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What I want to do is this--

I want to make a proxy call to a service and receive data on a separate thread through an asynchronous callback...the tricky part is that I want to make the foreground thread sleep until all of the data has been retrieved.

The reason I'm not using a synchronous method to do this, is because I'm creating an API for a WCF service that uses Paging and returns data in chunks.
I want my client to be able to use Paging, but I don't want to expose all of my Paging callbacks to my API...I want it to appear as though the API exposes a synchronous data retrieval method.

I've tried using a private static Semaphore (because it is thread agnostic,) that is accessible to the class methods and the callbacks, with a single unit capacity as a means to pause the execution.

First, I use a Semaphore.WaitOne() statement.
Then, I do a Proxy call in the foreground thread, and the service creates a thread that handles the data retrieval, and control is passed back to the client.
In the client, I immediately use a second Semaphore.WaitOne() statement. This should pause the foreground thread execution, which it does. Then, once the "Paging Completed" Callback is executed on a separate thread, I use Semaphore.Release() But the foreground thread never traverses the second Semaphore statement, it stays locked and so the client freezes.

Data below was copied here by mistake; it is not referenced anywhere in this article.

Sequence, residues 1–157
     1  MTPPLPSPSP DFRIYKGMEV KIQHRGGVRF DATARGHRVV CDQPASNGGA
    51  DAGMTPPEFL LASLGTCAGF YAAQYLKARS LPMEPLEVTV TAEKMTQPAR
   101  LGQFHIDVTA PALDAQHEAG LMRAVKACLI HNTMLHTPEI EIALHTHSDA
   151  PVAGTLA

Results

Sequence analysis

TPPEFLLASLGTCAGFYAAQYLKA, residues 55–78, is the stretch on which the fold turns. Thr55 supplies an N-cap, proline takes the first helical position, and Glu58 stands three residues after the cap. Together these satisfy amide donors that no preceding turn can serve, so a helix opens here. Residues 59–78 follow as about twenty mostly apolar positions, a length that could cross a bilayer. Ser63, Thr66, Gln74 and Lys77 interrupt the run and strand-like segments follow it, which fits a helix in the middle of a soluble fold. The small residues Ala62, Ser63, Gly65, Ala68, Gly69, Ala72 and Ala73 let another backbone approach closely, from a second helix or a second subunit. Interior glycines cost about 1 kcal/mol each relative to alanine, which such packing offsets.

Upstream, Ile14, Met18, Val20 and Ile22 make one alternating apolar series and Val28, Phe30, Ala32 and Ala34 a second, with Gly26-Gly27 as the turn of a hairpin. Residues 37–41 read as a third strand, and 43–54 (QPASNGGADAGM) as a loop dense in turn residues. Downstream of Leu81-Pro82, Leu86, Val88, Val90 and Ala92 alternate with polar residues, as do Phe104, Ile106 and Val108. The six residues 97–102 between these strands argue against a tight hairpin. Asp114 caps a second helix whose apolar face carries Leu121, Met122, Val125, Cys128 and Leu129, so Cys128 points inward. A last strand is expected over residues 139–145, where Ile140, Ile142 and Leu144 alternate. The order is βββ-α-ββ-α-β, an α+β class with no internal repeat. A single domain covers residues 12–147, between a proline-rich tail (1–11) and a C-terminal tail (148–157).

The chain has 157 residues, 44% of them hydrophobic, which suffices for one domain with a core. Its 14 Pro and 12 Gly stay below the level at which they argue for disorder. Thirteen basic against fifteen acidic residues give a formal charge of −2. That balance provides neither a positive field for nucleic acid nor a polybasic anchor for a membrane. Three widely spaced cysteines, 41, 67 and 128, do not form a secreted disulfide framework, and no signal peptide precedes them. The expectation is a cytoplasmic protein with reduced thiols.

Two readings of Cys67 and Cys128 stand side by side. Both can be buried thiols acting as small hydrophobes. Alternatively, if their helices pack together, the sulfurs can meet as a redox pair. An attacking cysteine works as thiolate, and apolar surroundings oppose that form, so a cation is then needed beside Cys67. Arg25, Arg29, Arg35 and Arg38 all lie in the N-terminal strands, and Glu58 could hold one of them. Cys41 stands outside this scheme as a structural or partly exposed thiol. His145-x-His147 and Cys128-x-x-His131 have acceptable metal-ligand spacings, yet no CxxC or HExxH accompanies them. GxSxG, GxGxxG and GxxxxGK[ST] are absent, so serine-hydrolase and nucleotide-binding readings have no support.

Any ideas what I am doing incorrectly, or is there another locking design that would be more effective?

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We'll need to see your code, multithreading is difficult stuff (more so without anything to debug). –  user7116 Jan 18 '12 at 15:31
Is it at the first time when you run the routine that the freeze occurs or is this a subsequent run? Is the first Semaphore.WaitOne call just to reduce semaphore counter to 0? –  user377178 Jan 18 '12 at 15:32
@sixlettervariables: My code is too immense (enterprise app) to show here to get a complete picture of the WCF interplay. I was really trying to lay out a thought experiment to see if a better object was suited for the exercise. –  Bil Hooper Feb 7 '12 at 14:18
@user377178: You are correct. To reduce the counter to 0. –  Bil Hooper Feb 7 '12 at 14:19

1 Answer 1

up vote 1 down vote accepted

If what you're trying to accomplish is having the foreground thread wait on data-gathering thread, you may want to consider using Tasks, which would allow you to easily accomplish what you've described here.


Some code:

Task t = new Task(somethingToDo);
// Fire off the new task

// Wait for the task to finish...

// Do something else...

Make sure to take a look at the details of t.Wait() in the documentation. There are some exceptions you will want to be ready for, in the event that your task fails.

share|improve this answer
Sounds good, remarkrm, I'll give it a shot. In my research, I also found "EventWaitHandle", which looks pretty promising as well. Thank you for your response. –  Bil Hooper Feb 7 '12 at 14:16

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